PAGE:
At Grassimesse 2010 Halle based jewellery designer Beate Eismann won the Grassipreis der TOTAL Deutschland for her collection of bracelets created using rapid prototyping and 3D printing.
When we spoke to her after the awards ceremony she was delighted not just with the award itself; but much more for the recognition of her research on the use of
modern industrial processes in jewellery design.
Ahead of Grassimesse 2011 we caught up with Beate, and began by asking if she was still as happy now, as she had been then?
”Of course, especially because through the prize attention has been focused on this area of rapid prototyping which has led to more interest in my work and its always nice when there is genuine interest in how your work develops”
Among the processes that Beate has experimented with in the past 12 months is transferring images from old printing blocks onto leaves, 3D scanning the leaves,
manipulating the images and then printing them out using rapid prototyping to 3D print the individual
In November last year, literally the Monday morning after Grassimesse, Beate Eismann travelled to Düsseldorf where she spent four weeks as Artist in Residence at the
University of Applied Sciences. An important element of her tenure was the preparatory 3D scanning and modeling work that would allow her to create new objects back
in her Halle studio.
Something she could do largely thanks to the TOTAL Deutschland Grassipreis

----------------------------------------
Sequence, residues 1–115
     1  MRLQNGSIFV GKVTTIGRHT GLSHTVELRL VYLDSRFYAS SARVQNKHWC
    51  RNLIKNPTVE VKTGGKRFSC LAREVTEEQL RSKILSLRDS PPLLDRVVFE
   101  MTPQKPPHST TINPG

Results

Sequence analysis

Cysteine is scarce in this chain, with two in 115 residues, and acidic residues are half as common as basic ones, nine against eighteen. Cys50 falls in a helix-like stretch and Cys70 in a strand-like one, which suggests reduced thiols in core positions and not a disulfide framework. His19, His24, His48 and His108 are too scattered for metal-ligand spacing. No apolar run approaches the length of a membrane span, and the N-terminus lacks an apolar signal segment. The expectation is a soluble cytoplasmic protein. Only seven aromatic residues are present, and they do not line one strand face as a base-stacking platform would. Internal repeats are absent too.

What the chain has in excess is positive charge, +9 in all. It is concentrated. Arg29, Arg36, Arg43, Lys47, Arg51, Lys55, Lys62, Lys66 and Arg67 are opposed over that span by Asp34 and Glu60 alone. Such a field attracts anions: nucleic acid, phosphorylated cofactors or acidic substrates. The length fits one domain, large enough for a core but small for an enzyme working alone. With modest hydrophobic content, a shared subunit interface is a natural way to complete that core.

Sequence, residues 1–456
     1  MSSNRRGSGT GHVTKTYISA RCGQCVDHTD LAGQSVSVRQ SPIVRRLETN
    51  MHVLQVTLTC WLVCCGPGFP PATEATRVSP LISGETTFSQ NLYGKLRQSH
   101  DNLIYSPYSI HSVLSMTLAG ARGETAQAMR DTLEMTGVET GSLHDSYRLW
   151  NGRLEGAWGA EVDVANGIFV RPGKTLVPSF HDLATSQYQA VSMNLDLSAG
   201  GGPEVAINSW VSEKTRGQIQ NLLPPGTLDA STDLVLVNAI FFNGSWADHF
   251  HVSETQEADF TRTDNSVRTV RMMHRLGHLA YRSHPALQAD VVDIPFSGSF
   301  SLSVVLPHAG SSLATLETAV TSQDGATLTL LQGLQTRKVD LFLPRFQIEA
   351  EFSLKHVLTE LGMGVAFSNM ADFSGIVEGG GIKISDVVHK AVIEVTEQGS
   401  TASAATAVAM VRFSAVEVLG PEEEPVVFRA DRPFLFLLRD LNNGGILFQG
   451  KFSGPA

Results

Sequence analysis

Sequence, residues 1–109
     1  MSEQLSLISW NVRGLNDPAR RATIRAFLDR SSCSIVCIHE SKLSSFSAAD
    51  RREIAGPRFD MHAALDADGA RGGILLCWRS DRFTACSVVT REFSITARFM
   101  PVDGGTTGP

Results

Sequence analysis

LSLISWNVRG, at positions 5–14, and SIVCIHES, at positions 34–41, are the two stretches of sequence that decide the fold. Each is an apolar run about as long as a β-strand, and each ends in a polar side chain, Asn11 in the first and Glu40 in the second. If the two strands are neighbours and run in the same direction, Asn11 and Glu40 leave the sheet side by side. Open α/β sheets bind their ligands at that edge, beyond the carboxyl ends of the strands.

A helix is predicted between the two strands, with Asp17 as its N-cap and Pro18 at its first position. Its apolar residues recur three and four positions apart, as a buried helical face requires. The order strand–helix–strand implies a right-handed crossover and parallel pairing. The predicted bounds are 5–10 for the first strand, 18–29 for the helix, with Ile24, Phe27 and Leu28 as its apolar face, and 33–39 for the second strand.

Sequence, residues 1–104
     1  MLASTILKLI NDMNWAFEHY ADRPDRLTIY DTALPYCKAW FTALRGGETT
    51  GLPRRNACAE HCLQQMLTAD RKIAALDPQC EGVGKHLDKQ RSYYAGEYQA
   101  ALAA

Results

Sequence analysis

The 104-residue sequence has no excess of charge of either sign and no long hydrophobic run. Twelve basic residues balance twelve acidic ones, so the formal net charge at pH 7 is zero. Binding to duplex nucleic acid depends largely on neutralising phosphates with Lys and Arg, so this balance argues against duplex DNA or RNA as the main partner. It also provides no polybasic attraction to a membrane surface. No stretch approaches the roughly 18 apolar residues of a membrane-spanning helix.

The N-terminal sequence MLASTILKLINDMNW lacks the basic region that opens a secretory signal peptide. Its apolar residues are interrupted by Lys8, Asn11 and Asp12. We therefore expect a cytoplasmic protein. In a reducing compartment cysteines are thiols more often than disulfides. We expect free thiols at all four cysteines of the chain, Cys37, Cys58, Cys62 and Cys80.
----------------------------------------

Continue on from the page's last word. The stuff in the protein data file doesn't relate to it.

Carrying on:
“I spent November in Düsseldorf and then in December came the prize money” says Beate, “and I immediately invested that in the new collection”
This results will be on show at this year’s Grassimesse under the title “Printed Matter” Proof if it were needed that winning a Grassipreis is more than just recognition.
Although generally printed in acrylic, some of pieces are covered in metal, and with all the pieces the end result is not just a visually stunning, confident, work in its own right, but offers the beholder varying images depending on the perspective from which they are viewed.
Aside from the end results per se, Beate Eismann is also fond of the accompanying symbolism. “I’m a huge fan of analogue printing and find it a shame the process is fading out. In the process here the leaves dry up and decay very quickly; and so a couple of days after stamping the leaf. It’s gone!”
In addition to Printed Matter, Beate Eismann will be presenting further results from her research on using industrial processes in jewellery design.
More information on Beate Eismann can be found at www.beate-eismann.de